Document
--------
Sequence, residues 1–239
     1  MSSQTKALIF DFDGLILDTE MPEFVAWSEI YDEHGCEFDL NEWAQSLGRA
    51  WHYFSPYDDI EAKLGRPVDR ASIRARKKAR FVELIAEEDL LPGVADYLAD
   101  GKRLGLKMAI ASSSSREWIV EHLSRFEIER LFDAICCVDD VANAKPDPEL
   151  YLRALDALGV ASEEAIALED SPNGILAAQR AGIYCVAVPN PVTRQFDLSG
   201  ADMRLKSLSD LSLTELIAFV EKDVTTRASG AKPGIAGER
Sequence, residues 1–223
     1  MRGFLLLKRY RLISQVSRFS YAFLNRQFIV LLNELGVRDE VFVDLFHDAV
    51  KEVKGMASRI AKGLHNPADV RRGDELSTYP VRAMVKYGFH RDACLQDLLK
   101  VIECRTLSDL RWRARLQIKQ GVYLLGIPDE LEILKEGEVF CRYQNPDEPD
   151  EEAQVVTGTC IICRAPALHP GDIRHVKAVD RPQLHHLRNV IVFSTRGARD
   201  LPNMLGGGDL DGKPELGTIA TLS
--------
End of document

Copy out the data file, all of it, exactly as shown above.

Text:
Sequence, residues 1–239
     1  MSSQTKALIF DFDGLILDTE MPEFVAWSEI YDEHGCEFDL NEWAQSLGRA
    51  WHYFSPYDDI EAKLGRPVDR ASIRARKKAR FVELIAEEDL LPGVADYLAD
   101  GKRLGLKMAI ASSSSREWIV EHLSRFEIER LFDAICCVDD VANAKPDPEL
   151  YLRALDALGV ASEEAIALED SPNGILAAQR AGIYCVAVPN PVTRQFDLSG
   201  ADMRLKSLSD LSLTELIAFV EKDVTTRASG AKPGIAGER
Sequence, residues 1–223
     1  MRGFLLLKRY RLISQVSRFS YAFLNRQFIV LLNELGVRDE VFVDLFHDAV
    51  KEVKGMASRI AKGLHNPADV RRGDELSTYP VRAMVKYGFH RDACLQDLLK
   101  VIECRTLSDL RWRARLQIKQ GVYLLGIPDE LEILKEGEVF CRYQNPDEPD
   151  EEAQVVTGTC IICRAPALHP GDIRHVKAVD RPQLHHLRNV IVFSTRGARD
   201  LPNMLGGGDL DGKPELGTIA TLS